Diabetes is a chronic disease in which blood glucose levels go unregulated, often rising to dangerously high levels. Unfortunately, it’s become more common in the United States, with more than 29 million people currently afflicted. If they don’t already have it, many of them risk high blood pressure (hypertension) and cardiovascular disease. Doctors may recommend antihypertensive treatments to treat these conditions, but new research published in the British Medical Journal suggests this is a bad idea, as doing so might lead to adverse effects or even death.

For their analysis, researchers at Umeå University in Sweden collected data from 49 published and unpublished studies involving nearly 74,000 participants. Their goal was to investigate the effects of intensive blood pressure-lowering drugs on diabetes patients. “Since we used only aggregated data from previous trials, we are unable to disseminate the results of the research to study participants directly,” the researchers wrote.

Nevertheless, their review yielded some surprising results. They found that the effects of antihypertensive medications depended on diabetic patients’ systolic blood pressure — the top number on a person’s blood pressure reading — prior to treatment. Patients with a systolic blood pressure higher than 140 mm Hg before starting treatment experienced a lower risk of death, stroke, heart attack, and heart failure when they underwent intensive blood pressure treatment. These benefits didn’t apply to those whose systolic blood pressure was under 140 mm Hg at the time treatment began; instead, antihypertensive medications increased their risk of cardiovascular death by 15 percent.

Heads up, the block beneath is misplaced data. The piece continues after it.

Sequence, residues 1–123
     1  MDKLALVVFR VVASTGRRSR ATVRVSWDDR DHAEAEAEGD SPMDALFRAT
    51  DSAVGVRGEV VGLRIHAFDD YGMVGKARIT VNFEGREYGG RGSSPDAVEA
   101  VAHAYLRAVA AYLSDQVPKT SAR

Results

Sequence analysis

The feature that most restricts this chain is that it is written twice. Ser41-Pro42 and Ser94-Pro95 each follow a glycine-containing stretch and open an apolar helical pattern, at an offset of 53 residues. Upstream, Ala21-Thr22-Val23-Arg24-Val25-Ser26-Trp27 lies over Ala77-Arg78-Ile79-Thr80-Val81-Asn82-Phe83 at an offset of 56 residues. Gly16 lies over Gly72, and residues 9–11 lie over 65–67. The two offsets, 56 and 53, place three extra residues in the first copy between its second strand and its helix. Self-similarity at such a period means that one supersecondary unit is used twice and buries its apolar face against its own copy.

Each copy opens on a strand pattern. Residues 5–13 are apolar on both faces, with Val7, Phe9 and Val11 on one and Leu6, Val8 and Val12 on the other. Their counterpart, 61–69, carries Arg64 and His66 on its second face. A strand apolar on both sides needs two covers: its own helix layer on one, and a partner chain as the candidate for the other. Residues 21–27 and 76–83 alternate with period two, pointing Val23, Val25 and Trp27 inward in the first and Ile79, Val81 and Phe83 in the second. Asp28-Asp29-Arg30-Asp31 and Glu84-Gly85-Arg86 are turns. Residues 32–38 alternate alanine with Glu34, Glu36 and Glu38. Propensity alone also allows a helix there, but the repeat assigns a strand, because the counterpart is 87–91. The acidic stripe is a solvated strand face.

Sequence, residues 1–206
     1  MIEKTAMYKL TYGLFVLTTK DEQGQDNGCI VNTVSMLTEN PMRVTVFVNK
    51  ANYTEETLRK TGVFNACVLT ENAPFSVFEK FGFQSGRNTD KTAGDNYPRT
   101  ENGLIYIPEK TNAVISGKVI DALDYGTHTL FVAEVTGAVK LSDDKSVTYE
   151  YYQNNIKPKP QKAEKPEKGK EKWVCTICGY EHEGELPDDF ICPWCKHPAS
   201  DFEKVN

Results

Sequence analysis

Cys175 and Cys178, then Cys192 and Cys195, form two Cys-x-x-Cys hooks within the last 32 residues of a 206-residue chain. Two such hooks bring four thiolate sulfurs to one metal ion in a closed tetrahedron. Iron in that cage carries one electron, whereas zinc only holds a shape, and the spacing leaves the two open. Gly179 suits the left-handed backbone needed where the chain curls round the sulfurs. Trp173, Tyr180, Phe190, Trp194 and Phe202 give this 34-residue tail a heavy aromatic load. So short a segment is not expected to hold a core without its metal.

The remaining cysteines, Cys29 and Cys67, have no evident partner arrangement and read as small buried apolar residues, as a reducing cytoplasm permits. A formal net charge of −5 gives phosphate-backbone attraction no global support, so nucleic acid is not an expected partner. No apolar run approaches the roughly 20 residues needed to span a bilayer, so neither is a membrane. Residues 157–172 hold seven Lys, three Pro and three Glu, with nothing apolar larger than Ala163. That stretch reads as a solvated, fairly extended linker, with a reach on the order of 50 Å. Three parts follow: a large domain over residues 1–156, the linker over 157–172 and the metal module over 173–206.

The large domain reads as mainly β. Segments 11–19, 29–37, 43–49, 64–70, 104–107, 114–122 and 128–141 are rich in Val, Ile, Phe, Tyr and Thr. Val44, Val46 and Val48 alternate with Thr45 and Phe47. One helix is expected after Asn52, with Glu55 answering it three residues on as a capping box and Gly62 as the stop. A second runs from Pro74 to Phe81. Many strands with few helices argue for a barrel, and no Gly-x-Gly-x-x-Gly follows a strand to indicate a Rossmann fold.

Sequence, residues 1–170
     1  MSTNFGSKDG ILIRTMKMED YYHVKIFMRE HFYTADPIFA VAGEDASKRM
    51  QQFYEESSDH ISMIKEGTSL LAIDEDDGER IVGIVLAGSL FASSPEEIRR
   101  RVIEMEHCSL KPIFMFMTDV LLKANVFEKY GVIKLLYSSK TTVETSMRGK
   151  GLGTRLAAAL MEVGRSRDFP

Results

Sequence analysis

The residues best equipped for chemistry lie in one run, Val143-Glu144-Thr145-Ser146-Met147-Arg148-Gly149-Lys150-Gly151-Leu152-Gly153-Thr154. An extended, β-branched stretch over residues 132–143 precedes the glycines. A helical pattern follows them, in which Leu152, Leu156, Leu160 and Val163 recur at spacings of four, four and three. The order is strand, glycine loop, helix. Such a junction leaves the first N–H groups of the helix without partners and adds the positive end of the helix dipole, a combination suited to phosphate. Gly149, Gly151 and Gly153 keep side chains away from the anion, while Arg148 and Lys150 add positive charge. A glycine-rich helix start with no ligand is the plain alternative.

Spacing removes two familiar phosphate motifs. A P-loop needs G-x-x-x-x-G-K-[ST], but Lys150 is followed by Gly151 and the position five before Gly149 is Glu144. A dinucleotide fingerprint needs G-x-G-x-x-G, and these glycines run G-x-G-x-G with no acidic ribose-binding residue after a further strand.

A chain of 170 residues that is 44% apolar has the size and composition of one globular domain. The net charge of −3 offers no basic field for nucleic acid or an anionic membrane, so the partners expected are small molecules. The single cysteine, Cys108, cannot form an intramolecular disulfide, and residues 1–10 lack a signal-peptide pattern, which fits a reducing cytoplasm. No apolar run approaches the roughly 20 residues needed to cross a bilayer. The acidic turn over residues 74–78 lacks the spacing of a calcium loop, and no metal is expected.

Regardless, Mattias Brunstron, main author of the article, said in a statement that it’s still important “to remember that blood pressure lowering treatment is crucial for the majority of people with diabetes whose blood pressure measures above 140.”

Researchers warn that the results are almost exclusively based on data collected from patients with type 2 diabetes who underwent previous antihypertensive treatment, so the findings may not apply to those with type 1 diabetes.

The findings contradict a recent review that suggested treating people with a systolic blood pressure less than 140 mm Hg is associated with health benefits, including a reduced risk of stroke and albuminuria — a condition in which there is too much of the protein albumin in a person’s urine. With such conflicting results, it’s probably best doctors use caution.

“In practice, it is important to remember that undertreatment of high blood pressure is a bigger problem than overtreatment,” Brunstrom emphasized. That said, the researchers also suggested that blood pressure treatment goals in diabetics should be less aggressive than in the general population, since many otherwise healthy people can handle it.

Source: Brunstrom M, Carlberg B. Effect of Antihypertensive Treatment at Different Blood Pressure Levels in Patients with Diabetes Mellitus: Systematic Review and Meta-analyses. BMJ. 2016.